UPDATE: We are accepting applications for the 2016 edition of our online poetry course. Please visit our submittable page to view the details and apply. Last date for applications is 24th January 2016.
It’s our job to work with new writers, and we realised a few years into the endeavour that editing alone would not be enough if we really wanted to act as an incubator for good writing from South Asia.
However, we did not believe in rolling out courses production-line style, with inexperienced instructors and little thought for real capacity building, and so we decided to proceed slowly, building our own capacity first and formulating a solid premise and vision for a workshop programme.
Desi Writers’ Lounge (DWL) took its first steps into the writing workshop arena discretely in Fall 2012 by offering an online fiction workshop to its forum members. The workshop, led by one of our editors, Noorulain Noor, focused heavily on helping participants to break their writer’s block, setting weekly writing assignments and peer reviewing them within the group. This was followed by an online poetry workshop, also offered only to DWLers and led by Noor.
Our first online poetry course for the public saw fruition in August 2014. Titled DWL Poetry Course – Elements, Themes and Form, the course was led by three instructors: Noorulain Noor, Ilona Yusuf and Zakia Rubab Khwaja.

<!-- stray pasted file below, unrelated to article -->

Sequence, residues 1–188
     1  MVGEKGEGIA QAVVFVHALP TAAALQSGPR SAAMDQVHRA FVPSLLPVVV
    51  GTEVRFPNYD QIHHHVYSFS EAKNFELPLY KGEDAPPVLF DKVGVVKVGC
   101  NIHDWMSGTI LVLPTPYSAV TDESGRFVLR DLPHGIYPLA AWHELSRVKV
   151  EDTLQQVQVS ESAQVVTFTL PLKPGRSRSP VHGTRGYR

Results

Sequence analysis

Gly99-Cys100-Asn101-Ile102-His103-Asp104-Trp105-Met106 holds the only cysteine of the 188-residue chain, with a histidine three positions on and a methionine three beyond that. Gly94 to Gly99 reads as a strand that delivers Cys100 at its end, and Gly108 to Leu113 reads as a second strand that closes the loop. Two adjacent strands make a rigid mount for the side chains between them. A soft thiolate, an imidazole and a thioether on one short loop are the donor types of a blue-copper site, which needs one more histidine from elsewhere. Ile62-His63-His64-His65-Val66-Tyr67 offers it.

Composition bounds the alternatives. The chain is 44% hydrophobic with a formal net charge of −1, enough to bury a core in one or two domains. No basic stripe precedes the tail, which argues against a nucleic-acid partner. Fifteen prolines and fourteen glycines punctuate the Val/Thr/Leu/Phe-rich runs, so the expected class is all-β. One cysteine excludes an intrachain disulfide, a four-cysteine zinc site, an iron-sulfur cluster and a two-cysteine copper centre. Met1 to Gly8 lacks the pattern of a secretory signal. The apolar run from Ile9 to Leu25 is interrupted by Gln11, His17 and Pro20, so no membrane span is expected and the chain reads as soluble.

In September 2014, Papercuts poetry editors Hera Naguib and Momina Mela conducted a public workshop in Lahore called Pakistani Poets Writing in English. The three-weekend workshop was designed keeping in mind the challenges of cultural representation and language faced by young poets.
We will continue to offer workshops for poetry and fiction, depending on the availability of appropriate, qualified instructors. All workshops will aim to address specific areas that South Asian writers and poets need to focus on in order to grow.
DWL conducted two one-day speculative fiction workshops titled “The Rising Dust” in Lahore on December 13 and 14, 2014, with instructor Usman T. Malik. We selected 11 participants overall to attend the workshops. Malik and the participants critiqued stories submitted by the participants prior to the workshop sessions. They also read and discussed three stories by spec-fic writers Vandana Singh, Ted Chiang and Algernon Blackwood.
Pakistani novelist Musharraf Ali Farooqi delivered a guest lecture on both days of the workshop in which he spoke with the participants about the use of indigenous myths, cultures and traditions in spec-fic writing.
DWL also had the honour of having writer Jeff VanderMeer and editor Ann VanderMeer, and literary agent Jennie Goloboy chat with the participants via Skype from the US on the first and second day respectively.
Malik also delivered two public talks on fiction over the same weekend. He talked about the business side of speculative fiction writing and the art of storytelling.